March is Women’s History Month and though most of us are stuck at home, that shouldn’t stop us from celebrating the strength and endurance that women bring to society. And reading great books is a great way to do that! So here are some YA book selections about fierce female characters by strong female (with some male) authors. Continue reading “Fierce Reads for Women’s History Month”
It is already the third month of the year…how far are you in your 2020 reading goal? Do you feel like you are in a reading slump? Don’t fret book lovers! I am here to tell you that you can still have an amazing reading year. And “spring cleaning” is the perfect time to start afresh! Let these following new releases be your perfect new start: Continue reading “Books to Read This Month: March Edition”
Pages: 220 pages
Published: July 1, 2009 (First published 1796)
Publisher: Oxford University Press
Genre: Fiction & Literature, Classics Continue reading “Book Review: Memoirs of Emma Courtney by Mary Hays”
As much as we like to think much has changed, the literary world is still a male-dominated industry. Women may buy more books than men but that doesn’t account for female writers being overlook in the book world, according to a survey done by VIDA, Women In Literary Arts. But just because the publishing world refuses to progress, that doesn’t mean readers shouldn’t. So in honor of International Women’s Day, let us take the time recognize the female authors. 2018 looks like it is going to be another great year for book written by women. Just check out these ten books and see what great we can anticipate for the rest of the year: Continue reading “Books By Women: Female Writers To Watch Out For”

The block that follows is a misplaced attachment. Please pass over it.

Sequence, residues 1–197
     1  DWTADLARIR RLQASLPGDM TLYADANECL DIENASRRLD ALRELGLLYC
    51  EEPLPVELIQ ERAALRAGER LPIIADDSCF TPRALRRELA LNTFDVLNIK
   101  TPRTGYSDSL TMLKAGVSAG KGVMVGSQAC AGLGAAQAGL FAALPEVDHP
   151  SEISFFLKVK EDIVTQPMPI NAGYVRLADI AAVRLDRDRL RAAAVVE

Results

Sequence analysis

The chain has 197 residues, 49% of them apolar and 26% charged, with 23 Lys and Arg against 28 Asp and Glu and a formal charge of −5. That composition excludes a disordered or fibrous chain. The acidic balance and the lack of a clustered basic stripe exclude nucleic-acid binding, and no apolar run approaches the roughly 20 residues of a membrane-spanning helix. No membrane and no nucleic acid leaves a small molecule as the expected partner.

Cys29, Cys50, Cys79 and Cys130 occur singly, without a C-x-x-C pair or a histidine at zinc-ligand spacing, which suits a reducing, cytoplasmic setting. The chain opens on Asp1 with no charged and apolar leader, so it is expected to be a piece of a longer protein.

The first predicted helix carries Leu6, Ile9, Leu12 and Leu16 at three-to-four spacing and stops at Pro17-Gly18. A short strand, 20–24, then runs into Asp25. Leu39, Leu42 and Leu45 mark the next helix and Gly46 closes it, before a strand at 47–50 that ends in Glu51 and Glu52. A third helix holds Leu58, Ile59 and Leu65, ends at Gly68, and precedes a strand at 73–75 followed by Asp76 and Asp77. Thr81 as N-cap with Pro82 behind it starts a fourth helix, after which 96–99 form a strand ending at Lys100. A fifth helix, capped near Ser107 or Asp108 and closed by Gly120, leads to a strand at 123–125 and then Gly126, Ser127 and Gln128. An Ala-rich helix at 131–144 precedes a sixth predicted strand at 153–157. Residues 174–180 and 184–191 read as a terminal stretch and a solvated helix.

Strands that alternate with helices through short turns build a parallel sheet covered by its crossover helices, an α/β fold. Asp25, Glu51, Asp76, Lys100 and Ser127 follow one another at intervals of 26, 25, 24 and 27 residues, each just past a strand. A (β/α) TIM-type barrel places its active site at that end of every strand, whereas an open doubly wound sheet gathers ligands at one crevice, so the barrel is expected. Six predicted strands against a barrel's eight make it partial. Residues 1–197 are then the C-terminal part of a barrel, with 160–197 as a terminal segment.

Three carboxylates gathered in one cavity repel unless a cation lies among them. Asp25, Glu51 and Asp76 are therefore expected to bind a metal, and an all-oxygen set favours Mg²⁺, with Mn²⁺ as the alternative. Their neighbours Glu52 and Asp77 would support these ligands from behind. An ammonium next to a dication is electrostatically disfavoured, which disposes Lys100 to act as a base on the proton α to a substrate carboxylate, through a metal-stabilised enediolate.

Top Ten Tuesday is a weekly meme hosted by The Broke and Bookish. Today’s post is:
Top Ten Author Duos You’d LOVE To See Write A Book Together (aka my (Jamie’s) world would explode if Gayle Forman and Jandy Nelson wrote a book together) — might be hard to come up with 10 but still would be fun! Bonus points if you tell us what kind of book you’d like them to write!”
Meg Cabot & Emily Giffin
Two funny writers…an interesting combination
Jojo Moyes & Kate Morton
They both do such great emotional writing, it would just be so great to have them combined.
Joshilyn Jackson & Karen White
Jane Austen & Charlotte Bronte
I know that Bronte didn’t exactly like any of Austen writings, but it would be interesting to see these great minds work together.
Libba Bray & JK Rowling
They both done such a great job creating worlds…why not try to write one together?
I couldn’t really think of anymore right now but maybe during day I’ll think of others. Who would be on your list?
Even just typing out that term makes me cringe.
I mean, what does it really mean? This is the definition according to Wikipedia:
Chick lit is genre fiction which addresses issues of modern womanhood, often humorously and lightheartedly.”
Okay…that can describe most books and they are generally not considered to be “chick lit”. When you hear that definition, you think to yourself “That doesn’t sound so bad”. But then you hear this definition of chick lit, from a publisher no less, who changes your whole perception of the genre.This is a definition from the Harlequin imprint Red Dress Ink:
Red Dress Ink is a literary collection created in 2001 in the United States and published by Harlequin Editions since June 2003 in France, of which gender is the chick lit ‘: contemporary and urban comedies with unmarried heroines and thirties.”
Granted, this definition came from a Wikipedia entry and was in French but the impact of the statement is just the same: the term “chick lit” is a bit degrading. Continue reading “Weekly Tea Discussion: Chick Lit”